The Australian English phrase 'dry as a dead dingo’s donger' is used to convey extreme thirst.

Donkey-voters and dead dingo’s donger: a new edition of the Australian National Dictionary

A new edition of the Australian National Dictionary has just been published, updating the one-volume, 814 page 1988 edition, with 10,000 Australian words and meanings illustrated by 60,000 citations, to a two-volume, 1864 page work, with 16,000 Australian words and meanings illustrated by 123,000 citations. Read on to discover what has been added, and why. […]

Read more »
rude-kids

Sometimes, people ask me, “What’s your favorite swear word?” I don’t know why. Also, I don’t know what to say. I’m interested in profanity but not especially invested in one word over another. It’s not a competition. They all have their uses, or we wouldn’t use them. I’d have to say something like, “Well, Fuck! […]

Read more »
The compound ‘clickbait’ dates back to 1999 and signifies ‘content whose main purpose is to attract attention and encourage visitors to click on a link to particular web page’.

These words will change the way you think of clickbait forever

It started with assistant professor Laura Seay, who mused in a tweet: ‘Thinking of changing the weekly headings on my syllabi to clickbait. “You won’t believe this one thing Britain & France did to Africa!” Seay continued riffing on the idea, and then it clicked: #ClickbaitSyllabus. Twitter quickly took to her hashtag, clever parodying the […]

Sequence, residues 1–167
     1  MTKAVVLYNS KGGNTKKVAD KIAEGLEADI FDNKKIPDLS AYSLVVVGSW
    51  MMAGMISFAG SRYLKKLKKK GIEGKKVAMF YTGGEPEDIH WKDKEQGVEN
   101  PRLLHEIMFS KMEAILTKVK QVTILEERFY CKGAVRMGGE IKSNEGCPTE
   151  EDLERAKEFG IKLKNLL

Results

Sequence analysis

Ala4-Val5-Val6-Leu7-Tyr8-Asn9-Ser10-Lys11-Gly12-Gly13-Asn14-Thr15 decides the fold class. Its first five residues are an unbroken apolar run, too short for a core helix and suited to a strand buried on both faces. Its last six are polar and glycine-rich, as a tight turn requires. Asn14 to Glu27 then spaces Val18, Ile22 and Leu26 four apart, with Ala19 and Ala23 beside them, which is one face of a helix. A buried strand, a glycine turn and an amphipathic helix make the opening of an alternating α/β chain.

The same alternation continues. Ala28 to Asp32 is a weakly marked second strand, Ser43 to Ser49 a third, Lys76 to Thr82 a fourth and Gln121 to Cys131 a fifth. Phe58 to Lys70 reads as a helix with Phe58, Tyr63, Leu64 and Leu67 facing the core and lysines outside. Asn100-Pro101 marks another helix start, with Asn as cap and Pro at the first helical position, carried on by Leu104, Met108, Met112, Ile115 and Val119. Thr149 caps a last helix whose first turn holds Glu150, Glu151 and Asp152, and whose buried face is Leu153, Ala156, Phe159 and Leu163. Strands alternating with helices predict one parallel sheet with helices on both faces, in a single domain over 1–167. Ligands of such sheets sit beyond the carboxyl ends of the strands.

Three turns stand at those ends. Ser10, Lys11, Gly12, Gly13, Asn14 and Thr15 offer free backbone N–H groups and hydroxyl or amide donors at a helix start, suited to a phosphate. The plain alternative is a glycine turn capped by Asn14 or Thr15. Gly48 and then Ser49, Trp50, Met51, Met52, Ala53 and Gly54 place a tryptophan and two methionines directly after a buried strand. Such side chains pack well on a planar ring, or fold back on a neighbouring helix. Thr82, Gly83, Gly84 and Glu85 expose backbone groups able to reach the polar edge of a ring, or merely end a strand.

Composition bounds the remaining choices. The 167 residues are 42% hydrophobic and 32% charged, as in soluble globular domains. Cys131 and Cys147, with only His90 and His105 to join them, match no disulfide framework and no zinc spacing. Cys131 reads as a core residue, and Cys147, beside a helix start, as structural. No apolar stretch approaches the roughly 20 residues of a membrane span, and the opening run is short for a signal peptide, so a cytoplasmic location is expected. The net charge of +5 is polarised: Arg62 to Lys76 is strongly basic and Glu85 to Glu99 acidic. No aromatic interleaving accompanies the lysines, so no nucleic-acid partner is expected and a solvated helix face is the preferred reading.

Read more »
Nikki's reading the entire Oxford Canadian Dictionary. In this latest instalment of our occasional series, she talks us through the letters D – H.

On reading the Canadian Oxford Dictionary: the letters D through H

As part of an occasional series, guest blogger Nikki (@exitsideway) talks us through her ongoing project to read every word in the Canadian Oxford Dictionary in under a year. Discovering the Interesting It’s been half a year that I have been vigorously getting to know the bulky companion I have come to call ‘Bertie the […]

Read more »
An introduction to fandom vocabulary

Shipping, headcanons, and OTPs: an introduction to fandom vocabulary

Though fan communities have existed in the forms of zines, email lists, and online archives for years—decades!—it is only recently that the world of fan creations has been exposed to the glaring spotlight of mainstream media attention. If you’re new to the world of fandom, the jargon may flummox you; but Oxford Dictionaries can help! […]

Read more »
A unicorn is a start-up company valued at more than a billion dollars

Unicorns are real (but not what you think)

There has been a spate of unicorn sightings around the offices of Oxford Dictionaries recently. Don’t worry – we haven’t been overdoing it on the glitter and stardust. These unicorns come from the altogether more serious realm of finance. What is a 21st-century unicorn? In the world of big business, a unicorn is a start-up […]

Read more »

Video: is a jellyfish a fish?

Read more »
Did you know that ‘potato’ can be a verb? Discover the language of this versatile veggie in Courtney Shove’s guest blog post.

One potato, two potatoes: the linguistic and nutritional value of spuds

Plump, dirty, and riddled with dimples, the humble potato rarely gets the attention it deserves — unless, of course, Peru and Chile are arguing over who produced them first. I think potatoes should fill us with a sense of awe. Hear me out. Not only can they be scalloped, mashed, and French fried, but potatoes […]

Read more »

Tweets